Take Action: Register, Lead, Vote Early

Photo by Dan Dennis on Unsplash

The American Humanist Association (AHA) is excited to announce multiple separate and nonpartisan efforts that you can directly get involved in related to voting and voter registration. We’re proud to partner with organizations that have pulled together voting resources and mobilized people passionate about getting people to the polls. With elections coming up soon, now is the time to take steps that ensure voter turnout.

Voting, as well as helping register others to vote, is an integral part of our democracy and a critical way to ensure that everyone has a seat at the table; however, we need to do more than just vote. Making voting easier and more accessible to others is the first big step towards building the world you would like to see. Take the lead: help inform your community about the importance of registering and voting, and spur them into civic engagement. You can get involved in any or all of the following opportunities.

Action 1: Sign—and widely share with your family, friends, and networks—the Civic Center’s Youth Voting Rights Act petition. The Youth Voting Rights Act (S.4500 and H.R.8341) would expand youth access to voting by uplifting university voter registration opportunities, requiring states to allow preregistration for those sixteen-years of age, codifying the right to vote from a college campus, and establishing grant programs for youth election participation, among other changes. Signing this petition informs your elected officials in Congress that you support this legislation and want to see it become law.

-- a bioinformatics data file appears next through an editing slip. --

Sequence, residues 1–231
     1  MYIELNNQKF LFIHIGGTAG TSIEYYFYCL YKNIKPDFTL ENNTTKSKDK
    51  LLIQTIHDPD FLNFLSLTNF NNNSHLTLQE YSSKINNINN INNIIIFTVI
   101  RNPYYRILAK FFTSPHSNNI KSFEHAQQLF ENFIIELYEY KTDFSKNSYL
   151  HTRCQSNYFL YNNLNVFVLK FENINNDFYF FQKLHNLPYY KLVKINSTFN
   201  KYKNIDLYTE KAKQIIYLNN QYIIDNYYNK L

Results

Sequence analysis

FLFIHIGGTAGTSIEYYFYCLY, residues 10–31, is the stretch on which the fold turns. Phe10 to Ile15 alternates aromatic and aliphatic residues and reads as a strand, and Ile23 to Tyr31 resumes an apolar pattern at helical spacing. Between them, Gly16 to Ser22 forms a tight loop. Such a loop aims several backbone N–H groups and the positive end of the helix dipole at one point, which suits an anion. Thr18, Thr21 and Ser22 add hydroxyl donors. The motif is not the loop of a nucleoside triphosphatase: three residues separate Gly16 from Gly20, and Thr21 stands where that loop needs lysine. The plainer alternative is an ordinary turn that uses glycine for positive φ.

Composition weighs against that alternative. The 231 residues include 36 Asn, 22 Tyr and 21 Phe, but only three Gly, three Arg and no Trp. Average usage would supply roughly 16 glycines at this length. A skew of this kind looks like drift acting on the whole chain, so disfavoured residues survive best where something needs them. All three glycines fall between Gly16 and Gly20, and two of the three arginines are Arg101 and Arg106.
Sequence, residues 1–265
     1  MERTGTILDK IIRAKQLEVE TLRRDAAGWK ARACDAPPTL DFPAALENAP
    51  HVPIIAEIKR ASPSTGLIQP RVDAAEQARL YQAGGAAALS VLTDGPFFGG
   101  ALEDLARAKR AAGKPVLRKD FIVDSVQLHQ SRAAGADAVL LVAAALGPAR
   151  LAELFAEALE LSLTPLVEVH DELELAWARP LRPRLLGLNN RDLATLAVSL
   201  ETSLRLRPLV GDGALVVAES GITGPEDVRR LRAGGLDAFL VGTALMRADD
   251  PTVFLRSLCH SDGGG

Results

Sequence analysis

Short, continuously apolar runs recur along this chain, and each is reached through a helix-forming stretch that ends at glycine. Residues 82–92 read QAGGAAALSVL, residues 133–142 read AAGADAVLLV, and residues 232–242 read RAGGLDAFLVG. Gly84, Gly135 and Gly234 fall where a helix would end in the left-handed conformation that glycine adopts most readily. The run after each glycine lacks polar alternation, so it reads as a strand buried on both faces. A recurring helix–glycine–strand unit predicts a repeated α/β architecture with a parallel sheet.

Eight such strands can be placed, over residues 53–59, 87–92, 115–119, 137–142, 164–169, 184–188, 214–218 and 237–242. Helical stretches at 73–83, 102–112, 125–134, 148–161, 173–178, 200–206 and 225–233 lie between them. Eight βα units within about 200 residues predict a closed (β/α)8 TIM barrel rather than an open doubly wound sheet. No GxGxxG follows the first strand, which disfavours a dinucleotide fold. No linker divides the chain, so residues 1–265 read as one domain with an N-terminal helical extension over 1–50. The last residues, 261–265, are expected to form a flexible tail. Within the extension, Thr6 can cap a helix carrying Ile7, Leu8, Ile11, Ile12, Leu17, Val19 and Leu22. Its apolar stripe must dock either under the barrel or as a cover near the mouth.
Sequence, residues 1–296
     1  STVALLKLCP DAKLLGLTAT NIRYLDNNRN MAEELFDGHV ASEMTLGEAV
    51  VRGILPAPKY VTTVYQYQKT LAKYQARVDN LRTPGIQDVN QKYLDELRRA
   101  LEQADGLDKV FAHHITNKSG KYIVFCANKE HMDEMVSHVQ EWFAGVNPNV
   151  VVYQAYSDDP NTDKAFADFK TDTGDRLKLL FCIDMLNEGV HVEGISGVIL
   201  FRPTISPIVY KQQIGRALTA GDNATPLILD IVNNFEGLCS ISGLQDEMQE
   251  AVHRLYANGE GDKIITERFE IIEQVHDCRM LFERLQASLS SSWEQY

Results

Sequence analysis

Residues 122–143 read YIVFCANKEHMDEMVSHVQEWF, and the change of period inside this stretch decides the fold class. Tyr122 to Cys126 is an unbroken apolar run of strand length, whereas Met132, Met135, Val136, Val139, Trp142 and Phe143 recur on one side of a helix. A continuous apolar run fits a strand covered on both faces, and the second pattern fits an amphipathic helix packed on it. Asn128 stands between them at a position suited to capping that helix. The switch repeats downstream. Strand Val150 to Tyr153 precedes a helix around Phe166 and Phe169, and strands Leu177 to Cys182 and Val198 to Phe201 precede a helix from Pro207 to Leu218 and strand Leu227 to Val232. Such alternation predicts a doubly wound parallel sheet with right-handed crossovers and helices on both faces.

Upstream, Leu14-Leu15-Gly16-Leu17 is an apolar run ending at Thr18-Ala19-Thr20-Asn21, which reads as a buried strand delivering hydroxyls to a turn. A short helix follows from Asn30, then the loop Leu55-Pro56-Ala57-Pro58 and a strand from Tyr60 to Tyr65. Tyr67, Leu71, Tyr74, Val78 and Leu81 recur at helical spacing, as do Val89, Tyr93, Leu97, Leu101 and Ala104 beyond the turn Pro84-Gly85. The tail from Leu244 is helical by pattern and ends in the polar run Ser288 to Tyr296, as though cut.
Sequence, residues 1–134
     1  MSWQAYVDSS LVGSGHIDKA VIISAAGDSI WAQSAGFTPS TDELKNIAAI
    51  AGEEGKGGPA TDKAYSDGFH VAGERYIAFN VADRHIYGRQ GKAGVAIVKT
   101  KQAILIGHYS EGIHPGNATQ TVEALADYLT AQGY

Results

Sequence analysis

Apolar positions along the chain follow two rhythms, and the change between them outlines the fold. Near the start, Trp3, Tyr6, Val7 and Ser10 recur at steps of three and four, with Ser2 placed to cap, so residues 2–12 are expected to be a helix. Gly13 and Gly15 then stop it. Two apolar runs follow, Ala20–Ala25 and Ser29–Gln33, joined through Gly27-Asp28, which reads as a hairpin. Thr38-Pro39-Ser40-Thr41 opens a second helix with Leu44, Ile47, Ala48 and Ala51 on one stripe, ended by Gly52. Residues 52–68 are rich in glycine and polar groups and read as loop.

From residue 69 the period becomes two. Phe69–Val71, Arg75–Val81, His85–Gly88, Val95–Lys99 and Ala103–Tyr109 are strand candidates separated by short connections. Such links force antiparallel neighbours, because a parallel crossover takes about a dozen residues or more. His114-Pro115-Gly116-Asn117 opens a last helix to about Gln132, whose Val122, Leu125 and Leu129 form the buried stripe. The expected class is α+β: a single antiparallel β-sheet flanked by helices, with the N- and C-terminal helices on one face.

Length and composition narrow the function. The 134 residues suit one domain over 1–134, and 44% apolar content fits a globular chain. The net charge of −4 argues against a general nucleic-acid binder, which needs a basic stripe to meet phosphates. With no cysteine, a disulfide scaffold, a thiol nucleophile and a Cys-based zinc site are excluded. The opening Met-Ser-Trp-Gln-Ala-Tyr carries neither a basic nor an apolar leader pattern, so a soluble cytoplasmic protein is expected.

Action 2: Host—or help encourage the creation of—a nonpartisan High School Voter Registration Drive at your local high school as part of the Civic Center’s High School Voter Registration Week, September 19th–23rd. The project encourages students to host their own voter registration drives. This is a great opportunity to educate young people about voting and get them involved in important civic processes in their communities.

• Step 1: Are you a student or educator? Sign up for a virtual High School Voter Registration Workshop to learn how to run a drive. Not a student or educator, but want to get involved and encourage the creation of drives? Sign up for the virtual Volunteer workshops. Both of these Zoom workshops can be found here, in the calendar under “Train Up”. Multiple trainings are provided for each workshop, so you can choose a time that works best for you. These meetings will provide all the knowledge and resources you need, and organizers can help answer any questions you may have.

• Step 2: After you’ve trained in the workshop and are ready to move forward with your drive, register your drive on the Civic Center’s website. You’ll receive a ‘Democracy in a Box’ toolkit filled with goodies like stickers, posters, pens, clipboards, and more.

• Step 3: Host your drive, and share it widely on social media using the hashtags #HSVoterRegWeek #HSVRWeek

Action 3: Celebrate Vote Early Day, held this year on October 28th. This is a national, nonpartisan effort encouraging people to vote early and know their voting options. Voting early helps ensure that you have the tools and ability to get your vote counted, and avoid potential barriers to voting, such as long lines at the polls, voter disinformation, and last-minute emergencies.

• Suggestion 1: Check out the Vote Early Day website to learn how and where you can register and vote early. Then encourage your family, friends, and community to do the same!

• Suggestion 2: Sign up to be a Vote Early Day Partner under the pertinent category, and host an event. The organizers of Vote Early Day hold frequent informational Zoom webinars, and have other supports available to help you plan your event.

Voting early, holding voter registration drives, and advocating to strengthen our democracy are all great ways to get involved and stand up for your rights at the polls. In addition to the three actions above, take just a few minutes now to check out the Humanist Action Headquarters to contact your elected officials in Congress and let them know how you feel about passing election and voting reforms. You can also take a peek at some great online voting resources, like Ballotpedia, Vote Smart, and Vote 411.